People - Ancient Rome : Marcellus

Gaius Claudius Marcellus Minor in Wikipedia Gaius Claudius Marcellus Minor, (88 BC – May 40 BC) was a Roman senator and consul. He was a member of the distinguished Claudius family. He was a friend to Roman senator Cicero, and an early opponent of Julius Caesar. Descent and family - He was a direct descendant of consul Marcus Claudius Marcellus. His father was also named Marcus, and his mother was named Junia. Marcellus married in an arranged ceremony Octavia Minor, a great-niece of Julius Caesar and sister of Octavian. They had three children: two daughters, both named Claudia Marcella, and a son, Marcus, born in Rome. Opposition to Julius Caesar - In 54 BC, Octavia's great-uncle Julius Caesar was said to be anxious for Octavia to divorce Marcellus so that she could marry Pompey, his rival and son-in-law who had just lost his wife Julia (Caesar's daughter, and thus Octavia's cousin once removed). However, Pompey apparently declined the proposal and Octavia's husband continued to oppose Julius Caesar, culminating in the crucial year of his consulship in 50 BC when he tried to recall Julius Caesar from his ten-year governorship in Gaul two years early, without his army, in an attempt to save the Roman Republic. Failing this, he called unsuccessfully upon Caesar to resign. He also obstructed Caesar from standing for a second consulship in absentia, insisting that he should return to Rome to stand, thereby forgoing the protection of his armies in Gaul. When Caesar finally invaded Italy in 49 BC, Marcellus, unlike his brother and nephew, did not take up arms against him. Caesar subsequently pardoned him. Later years - In 47 BC he was able to intercede with Caesar for his cousin and namesake Gaius Claudius Marcellus Maior, also a former consul (49 BC), then living in exile. He died in May 40 BC. Five months later, his widow married Mark Antony. The Roman general Publius Quinctilius Varus and his two sisters were grandchildren from his first marriage.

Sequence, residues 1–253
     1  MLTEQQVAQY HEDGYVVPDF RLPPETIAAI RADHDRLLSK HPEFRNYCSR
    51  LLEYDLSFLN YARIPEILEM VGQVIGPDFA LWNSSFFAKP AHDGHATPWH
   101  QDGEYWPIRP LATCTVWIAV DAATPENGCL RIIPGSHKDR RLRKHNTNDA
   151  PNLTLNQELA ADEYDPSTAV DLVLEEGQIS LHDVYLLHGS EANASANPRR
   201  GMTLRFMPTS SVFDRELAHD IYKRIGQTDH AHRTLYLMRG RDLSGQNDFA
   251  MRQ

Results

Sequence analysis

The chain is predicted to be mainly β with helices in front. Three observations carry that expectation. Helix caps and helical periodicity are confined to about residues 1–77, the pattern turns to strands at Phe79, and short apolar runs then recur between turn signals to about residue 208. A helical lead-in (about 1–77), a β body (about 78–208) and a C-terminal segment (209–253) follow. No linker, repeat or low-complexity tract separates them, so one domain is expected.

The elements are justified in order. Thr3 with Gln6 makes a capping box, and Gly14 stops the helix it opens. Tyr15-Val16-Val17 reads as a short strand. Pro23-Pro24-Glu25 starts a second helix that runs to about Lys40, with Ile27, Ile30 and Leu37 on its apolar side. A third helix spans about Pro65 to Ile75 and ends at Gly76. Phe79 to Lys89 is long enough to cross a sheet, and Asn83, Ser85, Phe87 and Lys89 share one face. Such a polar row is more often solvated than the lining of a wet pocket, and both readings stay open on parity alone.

Marcellus in Harpers Dictionary of Classical Antiquities M. Claudius Marcellus, consul B.C. 51 and a bitter enemy of Caesar. In B.C. 46 he was pardoned by Caesar on the intercession of the Senate; whereupon Cicero returned thanks to Caesar in the oration Pro Marcello, which has come down to us. Marcellus, who was then living at Mitylené, set out on his return; but he was murdered at the Piraeus by one of his own attendants, P. Magius Chilo.

Marcellus in Roman Biography Mar-cel'lus, (Caius Claudius,) a Roman consul, who married Octavia, the sister of Octavius Caesar. He became consul in 50 B.C., before which he had attached himself to the party of Pompey. While in this office he made a motion in the senate to deprive Caesar of his command, but did not succeed. He remained in Italy during the civil war, and shared the clemency of Caesar after the victory of the latter. Died about 40 B.C.